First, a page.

Fintech talk: Improving banks’ competitiveness with fintech
Over the past two decades, Indonesia’s financial industry has experienced a shift triggered by the emergence of a new format of services through a merger between financial services and technology (fintech), which has been able to introduce a wide range of solutions to make consumers’ lives easier.
Changes in lifestyle and the introduction of affordable technology are key factors behind the rapid development of fintech in Indonesia. Fintech has opened up opportunities for banks to offer a range of financial solutions that are designed to be more innovative, agile and mobile to meet customers’ needs.
The development of fintech companies in the Indonesian market has been unstoppable. The Indonesian FinTech Association recorded that the industry had grown by 6 percent in the 2011-2012 period and 9 percent in the 2013-2014 period, before seeing a staggering 78 percent growth in the 2015-2016 period. The figure is predicted to grow continuously in line with untapped market potential in Indonesia.
Answering the challenges
Product penetration by segment in ASEAN markets(JP/File)
Data from McKinsey and Company indicates that every year more than 5 million Indonesian people enter the growing middle-class segment, whose annual income starts at US$3,600. The overall figure is expected to reach 135 million people by 2030. However, according to a World Bank estimate, almost 80 percent of the Indonesian population does not have access to banking services. This situation applies to not only people in rural areas but also those in urban areas.
The Exhibit 1 shows that the average penetration rate of financial products in Indonesia, which stood at 2.16 products per customer, is much lower than that of our neighboring countries, Malaysia, Singapore and Thailand.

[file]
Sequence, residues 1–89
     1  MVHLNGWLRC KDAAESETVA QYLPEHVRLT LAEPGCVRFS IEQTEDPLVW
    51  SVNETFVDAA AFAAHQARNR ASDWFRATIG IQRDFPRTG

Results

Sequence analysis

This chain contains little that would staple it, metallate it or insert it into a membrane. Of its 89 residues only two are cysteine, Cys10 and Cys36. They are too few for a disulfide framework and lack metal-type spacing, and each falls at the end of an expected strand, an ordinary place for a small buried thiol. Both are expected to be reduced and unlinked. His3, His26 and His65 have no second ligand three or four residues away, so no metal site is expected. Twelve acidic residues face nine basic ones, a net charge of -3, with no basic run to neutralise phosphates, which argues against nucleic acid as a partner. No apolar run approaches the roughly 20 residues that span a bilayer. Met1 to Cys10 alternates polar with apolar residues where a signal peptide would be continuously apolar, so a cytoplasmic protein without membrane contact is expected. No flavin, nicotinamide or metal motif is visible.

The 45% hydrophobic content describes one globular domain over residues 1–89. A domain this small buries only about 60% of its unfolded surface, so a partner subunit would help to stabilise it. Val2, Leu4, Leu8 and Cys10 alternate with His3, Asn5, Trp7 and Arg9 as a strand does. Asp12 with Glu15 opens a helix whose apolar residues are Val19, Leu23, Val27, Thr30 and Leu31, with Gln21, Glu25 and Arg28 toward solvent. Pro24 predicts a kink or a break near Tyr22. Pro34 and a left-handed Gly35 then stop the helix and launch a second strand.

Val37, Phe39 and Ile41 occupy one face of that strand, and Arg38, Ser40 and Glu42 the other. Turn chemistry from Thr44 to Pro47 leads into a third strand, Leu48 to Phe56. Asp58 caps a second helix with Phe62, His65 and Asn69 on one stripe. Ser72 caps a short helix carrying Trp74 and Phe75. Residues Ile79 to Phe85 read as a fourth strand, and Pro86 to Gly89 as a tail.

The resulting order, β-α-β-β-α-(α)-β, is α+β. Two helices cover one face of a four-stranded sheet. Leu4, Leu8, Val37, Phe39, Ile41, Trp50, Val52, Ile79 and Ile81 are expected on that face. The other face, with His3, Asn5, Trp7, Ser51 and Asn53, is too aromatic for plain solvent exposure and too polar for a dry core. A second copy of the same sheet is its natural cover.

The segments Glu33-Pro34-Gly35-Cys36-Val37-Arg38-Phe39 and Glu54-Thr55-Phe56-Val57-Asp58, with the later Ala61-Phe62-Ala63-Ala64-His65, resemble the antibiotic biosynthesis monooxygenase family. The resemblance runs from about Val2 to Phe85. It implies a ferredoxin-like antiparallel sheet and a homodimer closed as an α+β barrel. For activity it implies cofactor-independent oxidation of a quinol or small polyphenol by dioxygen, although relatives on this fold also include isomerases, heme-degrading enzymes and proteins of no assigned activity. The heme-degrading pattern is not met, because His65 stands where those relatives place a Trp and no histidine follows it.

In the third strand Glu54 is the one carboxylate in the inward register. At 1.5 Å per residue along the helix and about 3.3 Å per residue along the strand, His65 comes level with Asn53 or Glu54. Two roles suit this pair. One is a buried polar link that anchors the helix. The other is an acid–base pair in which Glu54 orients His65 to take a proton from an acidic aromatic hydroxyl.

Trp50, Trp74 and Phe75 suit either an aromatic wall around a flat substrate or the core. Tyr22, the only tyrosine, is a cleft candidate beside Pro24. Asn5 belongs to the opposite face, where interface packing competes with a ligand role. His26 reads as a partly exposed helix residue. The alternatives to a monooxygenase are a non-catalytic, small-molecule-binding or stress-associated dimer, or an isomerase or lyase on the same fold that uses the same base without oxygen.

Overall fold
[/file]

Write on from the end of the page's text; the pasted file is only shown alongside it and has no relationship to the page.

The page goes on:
In general, the significant costs for acquisitions and customer services have become similar challenges faced by banks to stoke growth. Lenders, for instance, must have many branch offices to reach out to various market segments spread out across different geographical areas.
Fintech, meanwhile, can be a solution for such a challenge, while helping banks to create added values and increase competitiveness through solid customer value propositions, responsive services and higher levels of customer engagement.
Digital banking penetration across Southeast Asia.(JP/File)
Currently, banks are in the midst of a digital transformation, continually looking for ways to accelerate their access to the market and deliver new services. Market research conducted by McKinsey and Company stated that regional banking institutions that managed to improve their market share have previously invested in digital technology.
The same research also suggested that the proportion of access to digital banking services in Indonesia had grown seven-fold from 4 percent in 2011 to 33 percent in 2014. The growth of smartphone users is predicted to be a major factor that will encourage the rapid use of mobile banking services in Indonesia.
Therefore, banks should see the emergence of fintech start-ups as an opportunity that can help them stoke growth. Some examples of fintech services that will benefit the banking industry are data analytics, which helps analyze customers’ habits and needs to create products and services that fit their profile; customized online services, which allow banks to provide online services that fit clients’ needs; and cost saving services, which helps banks to improve the efficiency and accuracy of their marketing activities.
As of today, FinTech services that have generally been integrated in banking activities are peer-to-peer lending and payment, block chain for trade finance and online acquisition and servicing.
It is required for banks, fintech start-ups and other financial service providers to jointly improve their capacity and cooperation. They need to strengthen collaboration to guarantee the security of transactions and ease doubts among customers.
International banking networks with long-term visions are constantly looking for ways to accelerate the growth of fintech start-ups.
One successful program is FinLab’s Acceleration Program. FinLab will become the center of knowledge and mentoring for selected fintech start-ups to help them enhance business models, improve the quality of the products and solution services, expand access to business networks, investors, experts, relevant activities and, of course, technology.
Meanwhile, regulators will also need to nurture fintech innovations that have been growing rapidly. The introduction of sound fintech regulations is not meant only to protect customers but also encourage fintech players to grow in the right direction as support for the banking industry.